KEEPING your dog happy and healthy is just part of being a dog owner and keeping your dog healthy also includes his mental well-being. These are just a few of the mental problems that your dog can have and ways to help your dog with his mental health.
Do dogs get depressed?
Of course, dogs get depressed. They go through bouts of depression for many reasons and you will notice your dog moping about and not wanting to play, drinking small amounts of water, going off their food and losing weight. You want your dog’s mental health to be good, but how can you tell what is causing this depression?
After you have ruled out a physical problem by having a check with the vet, you can then check what may be causing this change in your dog’s attitude.
Grief can cause depression in dogs just as it can in us. Has your dog lost a playmate recently? Maybe a dog down the street has moved away? Or maybe the child in your family has gone off to college? Is there a new baby in the house and you no longer have time to spend with your dog? Your dog longs for that companionship and now it is gone. If you have moved home or have new working hours this can also be the root of your dog’s depression. Start helping your dog to enjoy life again. Give him extra attention and love. Depression untreated can lead to more serious physical problems that you are sure to want to avoid. If you cannot seem to bring the zing back into your dog’s life you may want to ask your vet for some anti-depression medicine.
Anxiety is probably one of the most common mental disorders in dogs all over the world. It is your responsibility to notice when your dog is stressed and what causes his stress and to keep him out of these types of situations for his protection or to help him overcome his anxieties.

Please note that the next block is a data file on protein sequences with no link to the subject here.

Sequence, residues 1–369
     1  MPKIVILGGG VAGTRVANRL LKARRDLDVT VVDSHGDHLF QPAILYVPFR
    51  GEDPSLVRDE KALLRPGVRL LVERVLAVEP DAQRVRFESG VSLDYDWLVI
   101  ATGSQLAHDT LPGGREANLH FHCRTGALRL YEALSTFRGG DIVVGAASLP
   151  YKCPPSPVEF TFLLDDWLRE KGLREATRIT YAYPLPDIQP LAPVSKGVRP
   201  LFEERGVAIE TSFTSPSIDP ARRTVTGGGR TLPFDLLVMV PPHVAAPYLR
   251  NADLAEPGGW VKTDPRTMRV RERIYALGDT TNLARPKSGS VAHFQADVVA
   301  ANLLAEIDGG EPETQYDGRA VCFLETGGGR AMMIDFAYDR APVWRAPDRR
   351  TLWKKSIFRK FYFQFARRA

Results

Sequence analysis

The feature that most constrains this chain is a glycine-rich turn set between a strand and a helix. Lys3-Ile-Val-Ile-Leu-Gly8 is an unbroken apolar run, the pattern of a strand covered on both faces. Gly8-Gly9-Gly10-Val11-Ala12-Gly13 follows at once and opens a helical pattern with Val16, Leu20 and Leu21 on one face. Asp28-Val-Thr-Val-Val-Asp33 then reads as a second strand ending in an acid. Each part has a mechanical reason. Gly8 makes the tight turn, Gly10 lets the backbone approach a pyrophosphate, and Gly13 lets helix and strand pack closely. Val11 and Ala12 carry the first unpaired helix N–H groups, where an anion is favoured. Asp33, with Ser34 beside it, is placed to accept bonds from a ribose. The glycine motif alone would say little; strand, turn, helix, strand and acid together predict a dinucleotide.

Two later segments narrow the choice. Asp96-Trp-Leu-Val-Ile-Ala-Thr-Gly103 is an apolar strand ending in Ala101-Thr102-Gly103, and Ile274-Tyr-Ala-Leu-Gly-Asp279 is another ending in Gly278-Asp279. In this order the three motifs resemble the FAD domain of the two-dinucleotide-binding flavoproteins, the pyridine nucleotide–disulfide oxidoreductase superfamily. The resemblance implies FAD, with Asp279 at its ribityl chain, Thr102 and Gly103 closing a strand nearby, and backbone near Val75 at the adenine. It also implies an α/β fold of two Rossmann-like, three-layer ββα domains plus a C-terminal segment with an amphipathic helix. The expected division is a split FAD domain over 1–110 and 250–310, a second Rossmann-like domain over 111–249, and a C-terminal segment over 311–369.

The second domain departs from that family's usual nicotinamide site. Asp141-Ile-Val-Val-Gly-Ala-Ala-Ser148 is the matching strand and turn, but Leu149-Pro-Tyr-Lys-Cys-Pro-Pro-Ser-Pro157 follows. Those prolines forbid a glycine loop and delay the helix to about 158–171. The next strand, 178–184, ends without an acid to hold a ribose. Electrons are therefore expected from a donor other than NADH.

The different signs of anxiety and stress are excessive drooling, whining, panting, moaning, shivering, or reluctance to move.
The different types of anxieties and how to know them:
This is probably the most common anxiety in dogs. Your dog will be soiling the floor, chewing up furniture, and their barking or howling can be heard clear down the block are sure signs of separation anxiety.
Noise Anxiety is a problem for thousands of types of animals. Dogs that are afraid of loud noises often run to hide, but because of their fear they do not pay attention and may endanger themselves by running into oncoming traffic, etc.
This anxious behaviour is seen in dogs that as puppies were never around other dogs or a lot of people. This can be seen when your dog is around others if he tries to cower in a corner to hide. He is feeling overwhelmed by his surroundings and all the commotion from the other dogs or extra people.
These are just some of the problems that your dog may have. Remember to pay attention to your dog; he is your friend and companion. He needs your protection as well as your love. Training your dog can be time consuming and frustrating at times, but it’s well worth it. Here are several tips that should help things go much smoother and faster… plus reduce the frustration both you and your dog feel!
Conduct “play training” where by the training tasks are made into fun games and your dog’s play drive is used as motivation. There are a lot of really good books available on this type of training.
Intelligent dogs can also be stubborn, so you may have to outwit them! While training your dog, you have to make him want to do what you want him to. You can’t make him do stuff unless it is fun. Otherwise you are wasting both your time and his.
Try to make your dog’s training so fun that it becomes his or her favourite activity. This will make learning much easier and more enjoyable.
Most dogs love to play! You can make your dog the happiest just by spending some time with them, giving your undivided attention each day. Without this, your dog will feel ignored, bored, or think they’re in trouble. When this happens they’re more likely to chew, tear things up, and not listen to you.